In order for the tradition to remain valid it has to be transmitted in a way that will stand the test of time. A sacred tradition cannot survive without transmission and the key to transmission is isnad, or sound and verifiable links that stitches each generation of believers to the preceding one all the way back to the Blessed Messenger.
Shaykh Hamza Yusuf, has often said that “isnad” is the secret of this Ummah and a gift from Allah. Without “isnad” the entire tradition could very well collapse. The system of ijaza (teaching licenses) is intricately linked to isnad in that one takes his knowledge from noble men and women who took their knowledge from those who took their knowledge from those….all the way back to that model community and to the blessed Messenger himself, whose knowledge, without a shadow of doubt, came from the Lord of the Divine Throne through his messenger, the angel Gibril, upon him be peace.
There is a tested and established tradition aimed at preserving and transmitting sacred knowledge within the overall tradition of Islam. We recognize its validity and importance today especially when the “sacred” has been relegated to an inferior position in our modern educational system. Zaytuna Institute in California, and a host of other well-established organizations in the U.S.A., Canada and the UK, have dedicated themselves to preserving and re-establishing the traditional educational method of teaching the Islamic sacred sciences to the present generation of Muslims in the West.
The fact that the tradition must be transmitted to remain valid, necessarily entails that it cannot be static because time does not stand still and the world is certainly not one big snapshot. The established Truths of the Islamic tradition will always confront and must reconcile itself to new situations, events and circumstances.
A lot of the divisions and acrimony we find in our communities today is as a direct result over a problem in determining exactly what is an “authentic” tradition.
In “Rethinking tradition in modern Islamic thought” Daniel Brown points out: “…it is also evident that tradition is frequently appealed to as a way of defending against perceived innovation, as a way of preserving threatened values. Alternative uses of tradition are thus a major battleground; there is fierce competition to control the process by which the content of tradition is defined, and for modern Muslims, sunna has become the bitterest point of conflict. Thus, the modern problem of sunna arises out of conflict among Muslims over the definition and content of the authentic tradition, and over the method by which the tradition is to be defined.” (page 3)
The only way to effectively deal with the thorny issue of what constitutes an authentic application of our tradition is to recognize that the mujatahid imams (individual who is qualified to exercise independent reasoning in the evaluation of Islamic law), and by extension the ‘ulama (scholars) who follow in their methodological footprints, are the final arbiters. This applies to fiqh as well as to the other branches of the Islamic sacred sciences.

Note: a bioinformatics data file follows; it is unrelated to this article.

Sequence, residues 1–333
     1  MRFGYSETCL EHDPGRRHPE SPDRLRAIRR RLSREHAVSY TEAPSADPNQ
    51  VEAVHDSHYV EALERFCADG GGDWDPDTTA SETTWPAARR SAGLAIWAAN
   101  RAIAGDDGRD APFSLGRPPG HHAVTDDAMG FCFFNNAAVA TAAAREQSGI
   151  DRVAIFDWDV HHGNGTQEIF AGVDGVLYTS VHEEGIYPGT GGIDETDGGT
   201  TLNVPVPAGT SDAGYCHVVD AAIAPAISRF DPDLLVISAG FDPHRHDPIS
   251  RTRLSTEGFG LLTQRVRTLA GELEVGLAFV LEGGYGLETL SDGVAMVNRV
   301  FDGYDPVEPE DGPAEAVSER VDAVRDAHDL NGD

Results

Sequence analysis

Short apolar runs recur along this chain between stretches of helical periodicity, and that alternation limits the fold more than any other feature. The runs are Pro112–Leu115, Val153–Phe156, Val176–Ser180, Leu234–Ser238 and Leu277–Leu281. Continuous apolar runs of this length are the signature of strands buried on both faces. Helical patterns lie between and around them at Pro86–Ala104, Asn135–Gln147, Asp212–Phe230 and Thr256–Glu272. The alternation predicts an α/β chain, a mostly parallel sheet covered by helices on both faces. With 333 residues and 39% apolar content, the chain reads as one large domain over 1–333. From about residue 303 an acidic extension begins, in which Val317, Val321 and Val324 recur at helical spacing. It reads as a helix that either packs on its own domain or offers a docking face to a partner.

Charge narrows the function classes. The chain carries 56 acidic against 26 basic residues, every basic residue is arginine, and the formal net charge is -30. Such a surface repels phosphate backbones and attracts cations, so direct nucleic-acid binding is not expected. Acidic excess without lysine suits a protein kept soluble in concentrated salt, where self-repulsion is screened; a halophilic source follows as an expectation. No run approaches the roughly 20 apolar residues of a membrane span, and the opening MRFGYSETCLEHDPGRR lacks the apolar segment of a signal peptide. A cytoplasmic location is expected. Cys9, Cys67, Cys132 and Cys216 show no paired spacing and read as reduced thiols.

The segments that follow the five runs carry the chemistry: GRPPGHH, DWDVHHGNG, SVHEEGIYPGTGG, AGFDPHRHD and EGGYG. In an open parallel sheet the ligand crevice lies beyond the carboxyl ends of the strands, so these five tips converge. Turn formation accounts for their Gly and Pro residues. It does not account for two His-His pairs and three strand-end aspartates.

Differences of opinions and interpretations in our sacred tradition is not a sign of weakness in the tradition, but instead, they attest to its richness and complexity.
When we live according to the Sunnah today we are preserving our tradition and ensuring its continuity and validity in time by handing it down to the next generation in much the same way as it was given to us by the pervious. The point here is that we act upon the tradition, not impose our modern sensibilities upon it, in the hope that the divine barakah may trickle down on us.
Finally, we are aware that the Islamic tradition, handed down to us over the years, is our link to the historic Prophetic community. By living it we are confirming that the way of our noble Messenger is as valid today as it was when Allah The Almighty sent him as a Mercy to all of mankind 1400 years ago.
This is what we mean by “tradition” and so when reference is made to the work we do as being “traditional,” it is not an attempt to label, but to identify a focus that’s broad enough to include all Muslims.
Seyyed Hossein Nasr, in his “Traditional Islam in the Modern World” offers the following comprehensive definition of tradition and one that I think works well as a summary:
“Tradition is at once al-din in the vastest sense of the word, which embraces all aspects of religion and its ramifications, al-sunnah, or that which, based upon sacred models, has become tradition as this word is usually understood, and al-silsilah, or the chain which relates each period, episode or stage of life and thought in the traditional world to the Origin….Tradition, therefore, is like a tree, the roots of which are sunk through revelation in the Divine Nature and from which the trunk and branches have grown over the ages. At the heart of the tree of tradition resides religion, and its sap consists of that grace or barakah which, originating with the revelation, makes possible the continuity of the life of the tree. Tradition implies the sacred, the eternal, the immutable Truth; the perennial wisdom, as well as the continuous application of its immutable principles to various conditions of space and time.” (page 13).
Nazim Baksh is a mentor and friend to SeekersHub. A veteran journalist with Canadian Broadcasting Corporation in Toronto, Canada, Sidi Nazim has been instrumental in the establishment of traditional learning programs in North America.